Liberty Bank Offers Fraud Prevention Advice

There is no “easy” money.

Nobody’s immune to fraud. While it may seem like the elderly and less tech savvy are targets of choice for scammers, it’s not necessarily true. Lately young, tech-savvy consumers have also gotten caught up in fraud schemes.

The temptation is irresistible, especially for those without a lot of ready cash ... for example, students, single parents, or those newly enlisted in the military. “Put a few extra bucks in your pocket the easy way.”

It’s called “card cracking” and scammers are hitting up their targets via Twitter, Instagram, Facebook, Craigslist, or in person on college campuses.

What’s the hook? Scammers ask the victim for their bank account information and PIN. They’ll deposit a counterfeit check into your account via mobile device. They’ll later withdraw the funds, leaving you with a small percentage of the proceeds for allowing them use of your account.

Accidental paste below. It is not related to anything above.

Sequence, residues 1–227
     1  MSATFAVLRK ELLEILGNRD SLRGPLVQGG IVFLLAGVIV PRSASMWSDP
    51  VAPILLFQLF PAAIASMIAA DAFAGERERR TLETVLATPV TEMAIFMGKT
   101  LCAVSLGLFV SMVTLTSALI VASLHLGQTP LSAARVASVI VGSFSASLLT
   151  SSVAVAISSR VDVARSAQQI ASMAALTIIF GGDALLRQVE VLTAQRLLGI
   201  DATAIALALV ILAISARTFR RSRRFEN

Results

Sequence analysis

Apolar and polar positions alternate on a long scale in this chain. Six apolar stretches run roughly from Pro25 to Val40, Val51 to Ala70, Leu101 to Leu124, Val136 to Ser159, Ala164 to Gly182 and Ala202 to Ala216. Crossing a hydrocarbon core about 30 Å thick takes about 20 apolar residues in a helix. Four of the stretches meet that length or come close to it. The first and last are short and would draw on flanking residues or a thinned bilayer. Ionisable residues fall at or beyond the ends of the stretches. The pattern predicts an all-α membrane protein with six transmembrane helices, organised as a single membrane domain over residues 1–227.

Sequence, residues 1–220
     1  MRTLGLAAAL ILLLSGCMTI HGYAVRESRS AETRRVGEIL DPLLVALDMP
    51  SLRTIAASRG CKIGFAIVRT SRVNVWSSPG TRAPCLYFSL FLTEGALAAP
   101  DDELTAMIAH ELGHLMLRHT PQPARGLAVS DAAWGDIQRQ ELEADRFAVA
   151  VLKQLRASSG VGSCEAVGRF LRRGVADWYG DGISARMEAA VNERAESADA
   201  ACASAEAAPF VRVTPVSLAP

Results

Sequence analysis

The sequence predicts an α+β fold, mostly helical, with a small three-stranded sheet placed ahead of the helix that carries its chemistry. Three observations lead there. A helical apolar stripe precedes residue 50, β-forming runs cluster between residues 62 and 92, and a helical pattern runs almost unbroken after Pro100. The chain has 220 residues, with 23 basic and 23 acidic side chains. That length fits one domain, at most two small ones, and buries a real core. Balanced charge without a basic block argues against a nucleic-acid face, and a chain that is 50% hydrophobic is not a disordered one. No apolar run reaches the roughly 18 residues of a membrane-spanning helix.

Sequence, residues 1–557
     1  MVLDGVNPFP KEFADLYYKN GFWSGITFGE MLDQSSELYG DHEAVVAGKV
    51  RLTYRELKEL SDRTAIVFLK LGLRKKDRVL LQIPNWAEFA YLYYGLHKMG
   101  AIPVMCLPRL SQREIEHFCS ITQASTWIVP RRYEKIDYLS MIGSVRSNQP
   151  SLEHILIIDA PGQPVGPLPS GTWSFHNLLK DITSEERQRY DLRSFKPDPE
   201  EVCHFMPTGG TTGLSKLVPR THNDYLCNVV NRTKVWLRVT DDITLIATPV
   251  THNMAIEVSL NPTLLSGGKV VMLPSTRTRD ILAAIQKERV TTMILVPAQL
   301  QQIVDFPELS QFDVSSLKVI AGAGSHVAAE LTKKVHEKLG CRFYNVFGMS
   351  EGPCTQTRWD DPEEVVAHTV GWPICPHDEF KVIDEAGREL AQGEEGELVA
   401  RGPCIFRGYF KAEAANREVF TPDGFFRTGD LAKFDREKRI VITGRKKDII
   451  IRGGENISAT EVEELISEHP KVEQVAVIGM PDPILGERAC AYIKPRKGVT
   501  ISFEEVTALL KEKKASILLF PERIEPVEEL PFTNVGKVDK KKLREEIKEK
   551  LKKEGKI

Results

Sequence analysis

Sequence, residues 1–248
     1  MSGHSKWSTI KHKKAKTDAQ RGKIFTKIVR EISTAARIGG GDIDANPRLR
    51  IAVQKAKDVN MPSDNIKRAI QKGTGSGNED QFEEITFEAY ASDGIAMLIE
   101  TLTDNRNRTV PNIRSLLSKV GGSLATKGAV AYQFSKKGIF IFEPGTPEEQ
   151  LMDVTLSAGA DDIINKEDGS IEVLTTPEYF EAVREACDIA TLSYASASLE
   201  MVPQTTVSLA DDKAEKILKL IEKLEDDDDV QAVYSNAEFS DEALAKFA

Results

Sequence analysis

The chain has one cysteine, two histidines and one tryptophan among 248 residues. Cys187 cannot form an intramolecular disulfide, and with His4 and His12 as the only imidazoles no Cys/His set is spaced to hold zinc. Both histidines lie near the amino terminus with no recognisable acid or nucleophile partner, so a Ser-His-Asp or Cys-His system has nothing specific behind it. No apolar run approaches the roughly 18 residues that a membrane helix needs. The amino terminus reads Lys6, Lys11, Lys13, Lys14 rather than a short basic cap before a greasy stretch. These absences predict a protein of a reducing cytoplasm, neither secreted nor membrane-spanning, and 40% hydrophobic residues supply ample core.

Why is it intriguing? Scammers leave the victim believing they can get something for nothing ... simply for making their account available. They tell you, since you did not initiate the transactions, all you have to do is file a fraud report on your account. The scammers claim no one will get hurt.

What’s the catch? First of all, if a scammer has your account information, he’s not going to stop at depositing a fraudulent check and then withdrawing a portion of the proceeds. He’s going to take everything. This can be done in a matter of seconds at any ATM or point-of-sale location.

Second, and more importantly, the victim has just knowingly aided a criminal. In order to file a fraud claim, the victim must also fill out a police report. If the fraud claim is determined to be invalid, the victim could be charged with filing a false police report and held responsible for repaying the bank for the amount of counterfeit check.

Stay alert! You may be approached at a party, on campus or on base, or over the internet. Before you yield to the temptation to make a fast buck, remember, if it sounds too good to be true, it is. Never give your bank account numbers and PINs to anyone. And never agree to take part in a scheme where “no one will get hurt.” That’s because the person most likely to be injured is you -- you could lose way more money than you expect to gain, your credit could be damaged, and you could be prosecuted.

If you are approached to participate in card cracking, just say no.